But there's something unconventional about Martin too. He's scatty and eccentric, as if his head is a chaos of ideas, all bubbling around at once and fighting to get out. He can flit from being frantic and intense to jovial and back again countless times.
He's his own PR man too, someone who's exceptionally talented - shrewd even - at saying just enough in an interview situation to make the conversation fly without ever really revealing his deepest, darkest secrets. Which, when you think about it, is probably how he's managed to avoid any huge 'my tabloid hell' scenarios since breaking big with Coldplay.
When talk inevitably turns to his separation from Gwyneth Paltrow, which was made public in 2014, it's Martin himself who raises the subject. "Of course, village gossip, we all like to know what everyone's up to," he says. "Me too. But once you start being in it you realise, well, this isn't really based on any truth. Especially if you go through a big break-up, there's no point reading about it. There's just no good gonna come from it."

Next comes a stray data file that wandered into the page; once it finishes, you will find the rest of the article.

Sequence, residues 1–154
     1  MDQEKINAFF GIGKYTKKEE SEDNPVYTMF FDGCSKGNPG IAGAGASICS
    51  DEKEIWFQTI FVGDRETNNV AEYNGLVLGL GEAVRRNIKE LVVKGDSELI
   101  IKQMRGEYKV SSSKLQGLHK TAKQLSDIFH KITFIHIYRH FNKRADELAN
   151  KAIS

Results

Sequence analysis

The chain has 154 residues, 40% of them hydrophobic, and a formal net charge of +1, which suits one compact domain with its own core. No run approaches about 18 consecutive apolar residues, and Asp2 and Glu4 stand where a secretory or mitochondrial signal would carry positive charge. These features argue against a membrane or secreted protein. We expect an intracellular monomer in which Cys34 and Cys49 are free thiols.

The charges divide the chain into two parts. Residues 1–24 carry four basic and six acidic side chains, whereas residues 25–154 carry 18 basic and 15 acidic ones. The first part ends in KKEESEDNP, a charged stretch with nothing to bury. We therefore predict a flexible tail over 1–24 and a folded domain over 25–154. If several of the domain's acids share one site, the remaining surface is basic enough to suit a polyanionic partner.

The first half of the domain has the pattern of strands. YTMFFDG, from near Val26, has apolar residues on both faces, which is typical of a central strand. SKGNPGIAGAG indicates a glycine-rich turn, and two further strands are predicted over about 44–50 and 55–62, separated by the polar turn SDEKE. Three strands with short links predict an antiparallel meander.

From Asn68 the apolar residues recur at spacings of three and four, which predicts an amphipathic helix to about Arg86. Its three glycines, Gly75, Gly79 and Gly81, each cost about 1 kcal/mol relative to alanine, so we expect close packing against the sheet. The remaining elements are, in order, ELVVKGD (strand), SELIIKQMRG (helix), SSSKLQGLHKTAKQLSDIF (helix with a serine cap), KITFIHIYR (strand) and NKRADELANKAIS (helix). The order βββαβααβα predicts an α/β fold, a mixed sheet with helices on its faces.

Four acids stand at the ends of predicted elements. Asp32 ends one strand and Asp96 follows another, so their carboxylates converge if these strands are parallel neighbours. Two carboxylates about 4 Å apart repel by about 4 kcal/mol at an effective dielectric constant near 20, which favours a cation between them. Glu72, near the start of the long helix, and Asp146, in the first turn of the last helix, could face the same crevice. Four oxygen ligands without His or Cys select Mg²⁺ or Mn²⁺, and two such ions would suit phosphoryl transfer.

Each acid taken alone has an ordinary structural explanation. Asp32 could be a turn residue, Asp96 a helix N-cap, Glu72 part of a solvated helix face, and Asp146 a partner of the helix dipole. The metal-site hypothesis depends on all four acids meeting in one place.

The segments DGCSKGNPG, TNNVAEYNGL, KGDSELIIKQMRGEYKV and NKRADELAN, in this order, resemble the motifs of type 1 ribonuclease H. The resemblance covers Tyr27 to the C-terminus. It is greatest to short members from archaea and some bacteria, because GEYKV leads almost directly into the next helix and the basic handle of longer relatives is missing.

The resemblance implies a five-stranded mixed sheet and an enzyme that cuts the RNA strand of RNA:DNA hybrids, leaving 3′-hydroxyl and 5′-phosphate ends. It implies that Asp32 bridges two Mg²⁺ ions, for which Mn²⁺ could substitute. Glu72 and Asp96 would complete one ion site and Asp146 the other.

Compared to the recent stories about Liam Gallagher and Nicole Appleton's messy divorce or Madonna and Guy Ritchie's well-publicised battle over son Rocco, Martin and Paltrow's split seems expertly stage-managed. After waiting a full year to announce the news via a statement on Paltrow's own Goop website, they made sure they were on holiday the day the story went live in an effort to minimise the impact on their two children, Moses, 9, and Apple, 11. "Because," Chris says, "if you have kids and they start reading about their parents not liking each other, that's not good."